Two useful approaches come to mind. One would be to identify and shadow individual knowledge workers deemed to be particularly effective. Observing, understanding, and emulating their personal practices would be time well spent. A second approach would be to identify a class of knowledge workers who have been dealing with the problems of knowledge work in the modern enterprise long enough to have developed practices and approaches that might be broadly adaptable to knowledge work activities in general.

Both of these approaches are well worth undertaking. Today, I’d like to take a look at this second approach. A recent blog post by Eric Raymond prompts looking at a group I’ve often thought of as the leading edge of modern knowledge work– software developers. Over the last half-century, this group has been inventing and developing the technological infrastructure that shapes our modern enterprises. As such, they have been the first to encounter and address the challenges of knowledge work. Certainly any group responsible for the Internet and the invention of open-source software will have lessons for the rest of us as we try to bring forth our own examples of knowledge work products.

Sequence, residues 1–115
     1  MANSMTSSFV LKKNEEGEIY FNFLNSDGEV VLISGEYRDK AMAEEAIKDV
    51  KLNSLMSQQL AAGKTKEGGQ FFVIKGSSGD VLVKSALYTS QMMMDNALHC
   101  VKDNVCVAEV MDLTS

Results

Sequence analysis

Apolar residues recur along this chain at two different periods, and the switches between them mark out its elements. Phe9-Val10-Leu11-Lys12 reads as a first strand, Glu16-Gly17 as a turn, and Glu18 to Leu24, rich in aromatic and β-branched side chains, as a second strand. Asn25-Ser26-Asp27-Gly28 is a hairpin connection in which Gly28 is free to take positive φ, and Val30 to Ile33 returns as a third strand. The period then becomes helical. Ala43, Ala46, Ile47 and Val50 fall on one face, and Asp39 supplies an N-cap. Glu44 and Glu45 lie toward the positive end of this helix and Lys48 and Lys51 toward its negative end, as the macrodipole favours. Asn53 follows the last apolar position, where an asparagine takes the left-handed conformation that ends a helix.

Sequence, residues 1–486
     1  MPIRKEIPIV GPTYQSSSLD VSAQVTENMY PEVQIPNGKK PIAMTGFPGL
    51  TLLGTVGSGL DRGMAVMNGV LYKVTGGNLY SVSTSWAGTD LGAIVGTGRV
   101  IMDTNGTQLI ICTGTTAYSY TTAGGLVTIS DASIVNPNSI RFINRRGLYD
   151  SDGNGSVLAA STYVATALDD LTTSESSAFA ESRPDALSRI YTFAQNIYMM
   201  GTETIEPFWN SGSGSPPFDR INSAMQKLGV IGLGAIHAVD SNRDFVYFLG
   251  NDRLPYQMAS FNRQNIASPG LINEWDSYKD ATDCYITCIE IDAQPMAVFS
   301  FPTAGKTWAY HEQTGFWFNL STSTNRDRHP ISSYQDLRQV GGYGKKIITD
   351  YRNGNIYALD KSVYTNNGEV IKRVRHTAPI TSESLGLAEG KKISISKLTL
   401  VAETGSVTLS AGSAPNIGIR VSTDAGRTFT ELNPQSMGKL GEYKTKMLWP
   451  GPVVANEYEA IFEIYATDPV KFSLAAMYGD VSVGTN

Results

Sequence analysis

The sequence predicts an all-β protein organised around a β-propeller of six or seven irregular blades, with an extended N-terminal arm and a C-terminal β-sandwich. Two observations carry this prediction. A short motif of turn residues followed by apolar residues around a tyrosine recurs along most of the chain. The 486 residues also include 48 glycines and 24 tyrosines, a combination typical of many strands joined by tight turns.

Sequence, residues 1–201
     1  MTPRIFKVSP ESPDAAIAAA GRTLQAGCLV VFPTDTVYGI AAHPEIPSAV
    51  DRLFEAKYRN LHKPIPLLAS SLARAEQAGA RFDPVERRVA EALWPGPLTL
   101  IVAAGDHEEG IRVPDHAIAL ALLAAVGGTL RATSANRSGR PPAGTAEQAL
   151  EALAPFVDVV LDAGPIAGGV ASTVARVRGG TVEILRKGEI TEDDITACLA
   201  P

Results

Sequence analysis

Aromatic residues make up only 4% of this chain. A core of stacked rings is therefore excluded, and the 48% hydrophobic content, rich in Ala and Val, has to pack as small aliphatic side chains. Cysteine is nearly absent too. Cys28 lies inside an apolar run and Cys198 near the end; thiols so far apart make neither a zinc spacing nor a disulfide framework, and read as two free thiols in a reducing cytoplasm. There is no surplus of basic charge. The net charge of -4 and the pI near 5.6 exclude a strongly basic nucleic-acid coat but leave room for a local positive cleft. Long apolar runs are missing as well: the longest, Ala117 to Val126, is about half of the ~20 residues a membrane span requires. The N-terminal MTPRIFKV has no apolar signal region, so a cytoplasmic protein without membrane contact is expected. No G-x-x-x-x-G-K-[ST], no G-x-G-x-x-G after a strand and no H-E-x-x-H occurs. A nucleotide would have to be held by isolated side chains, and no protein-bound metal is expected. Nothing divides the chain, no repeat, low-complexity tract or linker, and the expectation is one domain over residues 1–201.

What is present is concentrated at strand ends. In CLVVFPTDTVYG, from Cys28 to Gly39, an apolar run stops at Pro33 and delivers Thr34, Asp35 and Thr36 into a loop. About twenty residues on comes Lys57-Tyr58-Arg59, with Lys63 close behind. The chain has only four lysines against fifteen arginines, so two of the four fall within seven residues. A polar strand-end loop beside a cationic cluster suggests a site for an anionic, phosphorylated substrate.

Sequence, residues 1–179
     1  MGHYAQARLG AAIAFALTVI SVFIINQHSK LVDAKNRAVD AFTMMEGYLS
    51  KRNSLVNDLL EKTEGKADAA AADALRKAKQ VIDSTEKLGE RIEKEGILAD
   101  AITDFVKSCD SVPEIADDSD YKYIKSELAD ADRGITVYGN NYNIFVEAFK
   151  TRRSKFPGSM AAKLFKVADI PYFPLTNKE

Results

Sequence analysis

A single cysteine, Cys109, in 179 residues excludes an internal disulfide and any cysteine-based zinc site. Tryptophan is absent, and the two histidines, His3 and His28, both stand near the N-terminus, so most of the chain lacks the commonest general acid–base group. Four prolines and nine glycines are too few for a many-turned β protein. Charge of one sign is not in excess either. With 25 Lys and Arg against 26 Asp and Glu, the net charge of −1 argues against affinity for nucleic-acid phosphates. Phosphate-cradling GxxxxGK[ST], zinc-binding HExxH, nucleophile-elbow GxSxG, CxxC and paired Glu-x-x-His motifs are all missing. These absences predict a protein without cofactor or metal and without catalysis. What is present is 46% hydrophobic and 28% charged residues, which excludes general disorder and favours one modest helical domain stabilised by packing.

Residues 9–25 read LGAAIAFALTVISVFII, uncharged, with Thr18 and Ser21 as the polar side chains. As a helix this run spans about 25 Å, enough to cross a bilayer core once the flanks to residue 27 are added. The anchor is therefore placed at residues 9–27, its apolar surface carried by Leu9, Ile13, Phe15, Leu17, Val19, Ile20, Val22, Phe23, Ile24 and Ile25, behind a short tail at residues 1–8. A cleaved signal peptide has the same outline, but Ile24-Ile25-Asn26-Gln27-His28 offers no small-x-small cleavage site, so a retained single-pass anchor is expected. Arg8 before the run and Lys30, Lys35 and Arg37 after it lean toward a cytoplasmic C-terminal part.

Raymond, among many other things, is the author of the excellent The Cathedral and the Bazaar: Musings on Linux and Open Source by an Accidental Revolutionary. He also maintains the always interesting and provocative blog Armed and Dangerous. In a recent post, “the social utility of hacker humor”, Raymond dives into the number of the behavioral norms that he believes characterize hackers and software developers. The entire blog post is well worth your time, but let me call your attention to the following excerpt: